Further, there is no provincial regulation specifying when a conducted energy weapon may be used.  The Use of Force Regulation delegates to each police force the responsibility to develop a use-of-force model and written policy, and leaves it up to the director to approve each police force’s model, without establishing any criteria to guide the police force or the director.

Policies on conducted energy weapon use

In British Columbia, 11 municipal police departments provide policing in 12 municipalities.  The remaining cities and towns, and all rural areas (comprising 70 percent of the province’s residents) are policed by the RCMP, which has contracted with the province to act as the provincial police force.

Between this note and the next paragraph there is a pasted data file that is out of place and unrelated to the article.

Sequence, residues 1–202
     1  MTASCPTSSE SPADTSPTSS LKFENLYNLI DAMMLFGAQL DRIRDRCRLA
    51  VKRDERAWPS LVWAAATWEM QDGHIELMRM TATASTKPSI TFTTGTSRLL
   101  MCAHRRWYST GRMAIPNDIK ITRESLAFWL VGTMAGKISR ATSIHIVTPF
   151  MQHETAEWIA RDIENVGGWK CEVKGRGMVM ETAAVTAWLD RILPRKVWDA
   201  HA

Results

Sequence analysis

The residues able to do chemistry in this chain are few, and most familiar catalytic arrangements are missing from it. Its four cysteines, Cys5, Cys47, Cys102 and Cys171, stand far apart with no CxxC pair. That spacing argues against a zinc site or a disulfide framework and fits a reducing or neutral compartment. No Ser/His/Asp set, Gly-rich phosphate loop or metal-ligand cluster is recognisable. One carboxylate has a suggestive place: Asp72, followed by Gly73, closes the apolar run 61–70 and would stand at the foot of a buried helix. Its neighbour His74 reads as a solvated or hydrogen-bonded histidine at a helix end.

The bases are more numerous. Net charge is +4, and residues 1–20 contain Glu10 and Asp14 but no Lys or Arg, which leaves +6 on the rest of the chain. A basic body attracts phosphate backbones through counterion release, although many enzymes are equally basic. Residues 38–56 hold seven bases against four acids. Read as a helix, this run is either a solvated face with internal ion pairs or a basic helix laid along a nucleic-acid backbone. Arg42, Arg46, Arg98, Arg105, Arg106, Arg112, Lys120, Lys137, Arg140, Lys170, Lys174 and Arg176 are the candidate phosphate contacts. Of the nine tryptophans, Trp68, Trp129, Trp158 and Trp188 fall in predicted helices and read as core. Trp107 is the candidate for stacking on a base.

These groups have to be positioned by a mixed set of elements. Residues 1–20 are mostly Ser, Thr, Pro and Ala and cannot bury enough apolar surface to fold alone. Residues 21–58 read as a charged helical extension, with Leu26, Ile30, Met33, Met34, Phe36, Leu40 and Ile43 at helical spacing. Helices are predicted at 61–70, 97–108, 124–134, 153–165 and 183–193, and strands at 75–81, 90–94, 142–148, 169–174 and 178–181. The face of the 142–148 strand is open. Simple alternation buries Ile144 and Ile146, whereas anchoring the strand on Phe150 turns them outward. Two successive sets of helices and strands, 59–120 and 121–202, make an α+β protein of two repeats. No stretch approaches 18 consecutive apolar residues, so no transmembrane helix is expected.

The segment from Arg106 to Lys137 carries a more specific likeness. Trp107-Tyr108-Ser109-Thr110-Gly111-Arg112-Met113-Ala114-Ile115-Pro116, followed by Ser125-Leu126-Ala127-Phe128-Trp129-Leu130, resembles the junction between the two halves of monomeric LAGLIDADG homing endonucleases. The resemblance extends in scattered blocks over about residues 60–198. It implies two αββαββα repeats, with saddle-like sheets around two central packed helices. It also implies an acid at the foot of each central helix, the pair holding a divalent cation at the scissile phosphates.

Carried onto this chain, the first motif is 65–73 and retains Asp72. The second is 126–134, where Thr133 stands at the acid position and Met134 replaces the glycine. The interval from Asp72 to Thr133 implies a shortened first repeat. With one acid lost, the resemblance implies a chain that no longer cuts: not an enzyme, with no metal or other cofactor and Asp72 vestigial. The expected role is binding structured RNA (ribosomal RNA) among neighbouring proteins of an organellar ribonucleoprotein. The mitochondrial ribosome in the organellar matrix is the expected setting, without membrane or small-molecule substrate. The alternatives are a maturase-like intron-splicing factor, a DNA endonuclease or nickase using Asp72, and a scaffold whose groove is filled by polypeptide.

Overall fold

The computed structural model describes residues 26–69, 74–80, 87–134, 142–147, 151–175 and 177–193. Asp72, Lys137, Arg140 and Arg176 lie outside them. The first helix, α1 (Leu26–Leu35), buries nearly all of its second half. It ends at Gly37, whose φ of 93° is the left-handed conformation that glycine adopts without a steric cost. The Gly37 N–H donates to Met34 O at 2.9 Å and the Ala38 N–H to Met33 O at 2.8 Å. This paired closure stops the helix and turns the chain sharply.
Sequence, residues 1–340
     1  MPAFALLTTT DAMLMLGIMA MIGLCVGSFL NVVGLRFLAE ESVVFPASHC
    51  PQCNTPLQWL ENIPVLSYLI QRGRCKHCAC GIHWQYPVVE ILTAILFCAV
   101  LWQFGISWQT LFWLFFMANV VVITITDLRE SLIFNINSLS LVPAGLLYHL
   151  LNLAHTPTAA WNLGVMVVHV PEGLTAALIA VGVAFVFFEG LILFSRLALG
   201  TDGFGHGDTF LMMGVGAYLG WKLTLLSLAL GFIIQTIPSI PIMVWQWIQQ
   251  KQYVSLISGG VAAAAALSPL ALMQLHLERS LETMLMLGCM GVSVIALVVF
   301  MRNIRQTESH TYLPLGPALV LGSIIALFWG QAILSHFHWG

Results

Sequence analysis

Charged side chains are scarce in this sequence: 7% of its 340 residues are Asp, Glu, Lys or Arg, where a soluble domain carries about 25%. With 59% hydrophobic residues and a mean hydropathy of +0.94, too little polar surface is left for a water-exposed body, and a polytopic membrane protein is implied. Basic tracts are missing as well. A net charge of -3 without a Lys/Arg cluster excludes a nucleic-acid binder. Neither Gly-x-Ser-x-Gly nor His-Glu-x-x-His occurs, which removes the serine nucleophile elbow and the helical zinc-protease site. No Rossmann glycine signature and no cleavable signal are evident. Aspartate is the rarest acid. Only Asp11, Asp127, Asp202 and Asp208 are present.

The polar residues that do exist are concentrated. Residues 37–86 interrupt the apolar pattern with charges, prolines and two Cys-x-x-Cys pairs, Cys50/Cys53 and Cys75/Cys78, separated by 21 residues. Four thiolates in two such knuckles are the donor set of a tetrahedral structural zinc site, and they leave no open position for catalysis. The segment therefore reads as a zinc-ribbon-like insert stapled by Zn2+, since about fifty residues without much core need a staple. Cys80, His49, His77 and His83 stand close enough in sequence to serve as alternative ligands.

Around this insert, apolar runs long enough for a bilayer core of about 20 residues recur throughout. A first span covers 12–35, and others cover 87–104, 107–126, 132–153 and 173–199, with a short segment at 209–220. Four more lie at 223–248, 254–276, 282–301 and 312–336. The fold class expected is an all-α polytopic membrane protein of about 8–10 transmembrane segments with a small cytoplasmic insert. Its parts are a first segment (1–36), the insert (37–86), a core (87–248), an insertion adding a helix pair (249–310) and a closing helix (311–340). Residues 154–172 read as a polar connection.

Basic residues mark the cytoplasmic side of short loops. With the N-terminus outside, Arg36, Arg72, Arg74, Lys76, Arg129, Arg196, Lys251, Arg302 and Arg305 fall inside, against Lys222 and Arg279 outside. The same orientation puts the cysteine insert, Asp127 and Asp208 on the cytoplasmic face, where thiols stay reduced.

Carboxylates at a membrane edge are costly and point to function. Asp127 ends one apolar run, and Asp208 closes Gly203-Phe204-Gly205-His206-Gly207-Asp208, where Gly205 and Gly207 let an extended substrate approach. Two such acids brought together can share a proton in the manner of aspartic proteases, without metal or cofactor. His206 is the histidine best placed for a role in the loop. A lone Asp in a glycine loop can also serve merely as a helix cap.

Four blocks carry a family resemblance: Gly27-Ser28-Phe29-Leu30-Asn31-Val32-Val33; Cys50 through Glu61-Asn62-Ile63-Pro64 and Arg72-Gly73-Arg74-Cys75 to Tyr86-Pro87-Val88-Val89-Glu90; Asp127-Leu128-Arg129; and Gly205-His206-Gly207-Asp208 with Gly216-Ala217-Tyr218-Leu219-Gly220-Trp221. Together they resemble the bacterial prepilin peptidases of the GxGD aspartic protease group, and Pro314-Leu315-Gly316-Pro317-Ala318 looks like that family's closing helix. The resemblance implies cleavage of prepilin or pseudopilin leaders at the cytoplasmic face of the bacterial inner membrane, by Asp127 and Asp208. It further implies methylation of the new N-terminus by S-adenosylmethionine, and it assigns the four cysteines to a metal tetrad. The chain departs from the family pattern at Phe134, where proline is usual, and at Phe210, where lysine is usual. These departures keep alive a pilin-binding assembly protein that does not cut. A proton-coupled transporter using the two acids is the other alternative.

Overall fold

In 1999, use-of-force trainers from across Canada and the United States developed a National Use of Force Framework (NUFF).  The framework is not binding on municipal police departments, although the Canadian Association of Chiefs of Police endorsed it as a framework from which law enforcement agencies could build their own use-of-force policies or standards.  The RCMP developed a similar framework, called the Incident Management/Intervention Model (IM/IM).  Both models divide subject behaviours into five categories—cooperative, passive resistant, active resistant, assaultive, and grievous bodily harm/death (GBH/death).  Both models permit the use of intermediate weapons (including conducted energy weapons) in the face of active resistance, which they define as the subject using non-assaultive physical action, such as pulling away, pushing away, or running away, to resist.  The RCMP’s Incident Management/Intervention Model must now be read in light of its February 2009 policy amendment, which states: “The CEW must only be used in accordance with CEW training, the principles of the Incident Management/Intervention Model (IM/IM) and in response to a threat to officer or public safety as determined by a member’s assessment of the totality of the circumstances being encountered.”